(ii) Notwithstanding paragraph (1), any housing development that is the basis for the receipt, on or after January 1, 2023, of any low-income housing tax credit under Section 12206, 17058, or 23610.5 of the Revenue and Taxation Code shall authorize a resident of the housing development to own or otherwise maintain one or more common household pets within the resident’s dwelling unit, subject to applicable state laws and local government ordinances related to public health, animal control, and animal anticruelty, and subject to other reasonable conditions.
(B) This paragraph shall not be construed to interfere with the ability to charge a refundable deposit pursuant to Section 1950.5 of the Civil Code. However, a monthly fee for the ownership or maintenance of common household pets, as authorized by this paragraph, in the housing development shall not be imposed.
(C) For purposes of this paragraph, “reasonable conditions” include, but are not limited to, limitations on the number of animals in a unit based on the unit’s size and prohibitions on potentially dangerous or vicious dogs, as determined pursuant to Chapter 9 (commencing with Section 31601) of Division 14 of the Food and Agricultural Code. A “reasonable condition” does not include a prohibition on a breed of common household pets or a limitation on the weight of the common household pet.
(b) For purposes of this section, “common household pet” means a domesticated animal, such as a dog or cat, that is commonly kept in the home for pleasure rather than for commercial purposes.
(c) This section shall not limit or otherwise affect eligibility for, or be included as a matter during the compliance period of, any credit under Section 12206, 17058, or 23610.5 of the Revenue and Taxation Code.
(c) Nothing in this 
  This  section shall not  be construed to limit or otherwise affect applicable state laws and local government ordinances related to public health, animal control, and animal anticruelty, or  other statutes or laws that require reasonable accommodations to be made for an individual with a disability who maintains an animal to provide assistance, service, or support.
Senate Committee on Housing Policy Analysis, March 21, 2022
SEN Com on Housing
HRG March 24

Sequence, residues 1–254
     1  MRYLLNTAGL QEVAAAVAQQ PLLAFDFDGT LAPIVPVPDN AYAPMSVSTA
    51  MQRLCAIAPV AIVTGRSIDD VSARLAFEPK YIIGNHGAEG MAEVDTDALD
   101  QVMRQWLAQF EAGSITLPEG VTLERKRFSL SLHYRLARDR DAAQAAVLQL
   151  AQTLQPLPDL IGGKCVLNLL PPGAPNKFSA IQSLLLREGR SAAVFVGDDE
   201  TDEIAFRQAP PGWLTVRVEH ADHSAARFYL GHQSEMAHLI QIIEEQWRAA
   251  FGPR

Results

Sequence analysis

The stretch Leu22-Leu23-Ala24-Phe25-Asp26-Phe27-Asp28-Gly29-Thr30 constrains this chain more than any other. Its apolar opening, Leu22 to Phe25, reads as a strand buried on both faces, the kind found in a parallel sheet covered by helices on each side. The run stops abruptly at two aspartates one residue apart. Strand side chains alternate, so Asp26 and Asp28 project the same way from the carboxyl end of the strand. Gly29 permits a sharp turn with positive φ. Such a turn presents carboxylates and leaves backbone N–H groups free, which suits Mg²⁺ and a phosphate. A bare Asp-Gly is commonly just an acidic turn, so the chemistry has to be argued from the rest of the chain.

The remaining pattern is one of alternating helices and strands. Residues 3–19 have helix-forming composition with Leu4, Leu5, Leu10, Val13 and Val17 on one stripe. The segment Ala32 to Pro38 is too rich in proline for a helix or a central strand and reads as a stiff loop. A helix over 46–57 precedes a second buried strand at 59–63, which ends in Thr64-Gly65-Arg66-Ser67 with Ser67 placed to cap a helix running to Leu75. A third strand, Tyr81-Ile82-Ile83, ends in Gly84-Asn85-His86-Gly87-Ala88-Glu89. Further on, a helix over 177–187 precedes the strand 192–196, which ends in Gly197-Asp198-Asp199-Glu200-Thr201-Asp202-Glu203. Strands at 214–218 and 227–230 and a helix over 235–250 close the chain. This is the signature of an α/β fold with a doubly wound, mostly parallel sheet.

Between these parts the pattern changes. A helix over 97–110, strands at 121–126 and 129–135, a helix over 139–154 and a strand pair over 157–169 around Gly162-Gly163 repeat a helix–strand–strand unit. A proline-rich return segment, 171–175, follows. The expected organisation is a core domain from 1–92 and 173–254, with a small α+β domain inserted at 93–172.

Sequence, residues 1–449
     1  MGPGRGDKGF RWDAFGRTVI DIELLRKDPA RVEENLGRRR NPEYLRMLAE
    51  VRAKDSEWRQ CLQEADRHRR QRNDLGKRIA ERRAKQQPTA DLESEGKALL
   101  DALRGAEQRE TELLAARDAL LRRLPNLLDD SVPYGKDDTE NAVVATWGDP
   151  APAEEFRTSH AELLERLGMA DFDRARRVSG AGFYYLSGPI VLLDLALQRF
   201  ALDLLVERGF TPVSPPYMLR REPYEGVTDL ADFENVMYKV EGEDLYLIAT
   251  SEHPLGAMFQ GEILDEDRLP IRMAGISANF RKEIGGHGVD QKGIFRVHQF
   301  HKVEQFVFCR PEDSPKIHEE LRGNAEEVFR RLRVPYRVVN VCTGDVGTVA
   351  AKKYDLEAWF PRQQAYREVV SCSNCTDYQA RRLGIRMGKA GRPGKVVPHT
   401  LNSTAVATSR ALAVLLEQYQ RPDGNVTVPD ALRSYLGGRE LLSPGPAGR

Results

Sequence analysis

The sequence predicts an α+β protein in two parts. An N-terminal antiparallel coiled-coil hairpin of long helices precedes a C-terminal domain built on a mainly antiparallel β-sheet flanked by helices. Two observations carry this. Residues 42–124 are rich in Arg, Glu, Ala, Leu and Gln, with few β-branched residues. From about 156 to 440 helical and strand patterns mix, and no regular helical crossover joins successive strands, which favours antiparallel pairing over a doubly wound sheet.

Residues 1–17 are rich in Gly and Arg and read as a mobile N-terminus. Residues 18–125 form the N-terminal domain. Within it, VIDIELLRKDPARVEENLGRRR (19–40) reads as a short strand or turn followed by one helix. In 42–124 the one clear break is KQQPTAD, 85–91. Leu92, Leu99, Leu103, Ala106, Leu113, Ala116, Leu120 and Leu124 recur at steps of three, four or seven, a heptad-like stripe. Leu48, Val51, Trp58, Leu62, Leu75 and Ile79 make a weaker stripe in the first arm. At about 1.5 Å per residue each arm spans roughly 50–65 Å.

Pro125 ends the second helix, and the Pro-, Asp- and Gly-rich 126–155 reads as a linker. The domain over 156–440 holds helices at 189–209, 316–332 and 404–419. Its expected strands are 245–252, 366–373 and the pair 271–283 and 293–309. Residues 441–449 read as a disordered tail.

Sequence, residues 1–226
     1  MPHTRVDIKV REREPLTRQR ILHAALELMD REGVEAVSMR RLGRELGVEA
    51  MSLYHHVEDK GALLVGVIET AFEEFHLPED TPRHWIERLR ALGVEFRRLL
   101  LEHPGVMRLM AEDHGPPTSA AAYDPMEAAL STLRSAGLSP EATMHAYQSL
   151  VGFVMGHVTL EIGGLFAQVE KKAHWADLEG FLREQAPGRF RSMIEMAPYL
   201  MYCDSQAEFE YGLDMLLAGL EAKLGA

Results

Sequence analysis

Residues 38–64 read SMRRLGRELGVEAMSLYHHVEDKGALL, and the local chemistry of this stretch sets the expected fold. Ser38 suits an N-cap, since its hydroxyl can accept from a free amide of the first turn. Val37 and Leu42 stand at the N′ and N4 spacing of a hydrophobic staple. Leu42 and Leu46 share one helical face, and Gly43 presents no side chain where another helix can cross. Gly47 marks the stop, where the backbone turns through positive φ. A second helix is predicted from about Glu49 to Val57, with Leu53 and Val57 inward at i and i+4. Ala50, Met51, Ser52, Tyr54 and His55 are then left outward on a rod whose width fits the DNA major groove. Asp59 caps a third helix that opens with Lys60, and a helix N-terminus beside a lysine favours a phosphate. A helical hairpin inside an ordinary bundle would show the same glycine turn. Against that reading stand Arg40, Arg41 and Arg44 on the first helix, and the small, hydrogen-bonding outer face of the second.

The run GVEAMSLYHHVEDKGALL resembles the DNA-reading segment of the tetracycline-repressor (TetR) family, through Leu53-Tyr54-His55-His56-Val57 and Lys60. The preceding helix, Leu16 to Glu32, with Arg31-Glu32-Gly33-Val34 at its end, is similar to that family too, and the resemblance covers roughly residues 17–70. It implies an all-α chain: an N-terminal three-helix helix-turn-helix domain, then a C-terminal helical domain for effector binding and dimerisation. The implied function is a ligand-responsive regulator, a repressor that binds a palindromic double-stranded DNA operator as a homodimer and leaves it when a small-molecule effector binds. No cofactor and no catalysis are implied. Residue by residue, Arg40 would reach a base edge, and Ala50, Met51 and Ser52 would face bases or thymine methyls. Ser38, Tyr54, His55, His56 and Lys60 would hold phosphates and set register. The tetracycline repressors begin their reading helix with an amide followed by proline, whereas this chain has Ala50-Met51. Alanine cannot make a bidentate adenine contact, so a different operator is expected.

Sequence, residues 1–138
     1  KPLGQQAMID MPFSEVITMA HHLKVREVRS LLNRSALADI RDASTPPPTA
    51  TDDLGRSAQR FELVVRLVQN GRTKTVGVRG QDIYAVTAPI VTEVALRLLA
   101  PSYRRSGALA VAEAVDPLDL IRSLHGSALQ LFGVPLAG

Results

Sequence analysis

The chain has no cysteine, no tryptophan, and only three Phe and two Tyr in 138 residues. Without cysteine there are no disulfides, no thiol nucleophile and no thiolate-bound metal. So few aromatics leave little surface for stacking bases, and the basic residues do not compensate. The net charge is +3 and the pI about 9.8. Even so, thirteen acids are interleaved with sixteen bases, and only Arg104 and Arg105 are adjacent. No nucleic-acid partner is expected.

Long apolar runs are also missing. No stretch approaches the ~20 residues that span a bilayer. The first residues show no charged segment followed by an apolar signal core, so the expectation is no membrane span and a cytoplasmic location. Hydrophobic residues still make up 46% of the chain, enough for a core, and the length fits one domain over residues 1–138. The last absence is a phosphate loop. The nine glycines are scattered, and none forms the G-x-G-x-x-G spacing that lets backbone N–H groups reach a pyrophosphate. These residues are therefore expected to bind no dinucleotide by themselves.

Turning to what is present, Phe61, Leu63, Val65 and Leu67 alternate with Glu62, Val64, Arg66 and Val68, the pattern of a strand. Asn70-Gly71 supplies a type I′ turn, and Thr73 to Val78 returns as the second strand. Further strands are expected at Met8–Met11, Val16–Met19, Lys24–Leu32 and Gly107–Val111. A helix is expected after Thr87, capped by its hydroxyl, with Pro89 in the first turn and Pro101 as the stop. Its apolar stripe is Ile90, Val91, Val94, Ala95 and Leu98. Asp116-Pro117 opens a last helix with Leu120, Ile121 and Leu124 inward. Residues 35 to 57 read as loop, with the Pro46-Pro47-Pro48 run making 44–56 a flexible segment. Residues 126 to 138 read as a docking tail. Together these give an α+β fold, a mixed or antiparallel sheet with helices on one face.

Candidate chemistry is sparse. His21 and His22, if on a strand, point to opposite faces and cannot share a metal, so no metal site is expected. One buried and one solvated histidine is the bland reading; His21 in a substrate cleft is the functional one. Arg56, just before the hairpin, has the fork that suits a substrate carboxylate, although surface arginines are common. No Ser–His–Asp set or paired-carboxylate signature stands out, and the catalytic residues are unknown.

pass 6-0(3)

SEN Approps
Hrg 4/18/22


Fiscal Committee
2/3 Vote Required

Article IV Section 8(a) of the Constitution and Joint Rule 55 dispensed with February 7, 2022, suspending the 30 calendar day requirement.
SB 1009
Introduced
2/14/2022
Andreas Borgeas
(R-8) Fresno
As introduced, SB 1009 would make technical, nonsubstantive changes to Family Code Section 2605 regarding authorizing the court, in dissolution or legal separation cases involving final determination of ownership of a pet animal to take into consideration the care of the pet animal.SPOT BILL
SEN Rules
Non-Fiscal Com
30 calendar day rule suspended.
AB 1417
Introduced
2/18/2022
Andreas Borgeas
(R-8) Fresno
As introduced, SB 1417 would make a nonsubstantive change to Food & Agricultural Code 30801 regarding issuance of dog licenses. SEN Rules
SPOT BILL
30 calendar day rule suspended.
SB 1462
introduced
2/18/2022
Steven Bradford
(D-35) Gardena
As introduced, SB 1462 would add to the Health and Safety Code, Chapter 10 of Part 6 of Division 104 a new Article  5.5. Labeling providing a process for a person who in California manufactures a processed pet food may apply to the department for designation, including a renewal of a designation, of a processed pet food as human food grade.
Sen Com on Health
HRG 4/6 set for first hearing canceled at the request of author. 4/20

Fiscal Committee
30 calendar day rule suspended.
ASSEMBLY Standing Rules of the Assembly for the 2021–22 Regular Session    Per usage and custom, the previous session Joint Rules apply until
Joint Rules are passed for the current session Joint Rules of Senate and Assembly  
AB 1648
Introduced
1/13/2022
Brian Maienschein (D-77) San DiegoAs introduced, AB 1648 would add to the Government Code a new §8608.1 reading, ” A city or county that requires a kennel license or permit to operate a kennel within its jurisdiction shall require, as a condition for obtaining the license or permit, that the kennel owner create and submit to the city or county an animal natural disaster evacuation plan for any kennel covered by the license or permit.”
As amended in Assembly, March 23, 2022 to add content to bill Section 1:
(b) An animal natural disaster evacuation plan shall include, at a minimum, all of the following: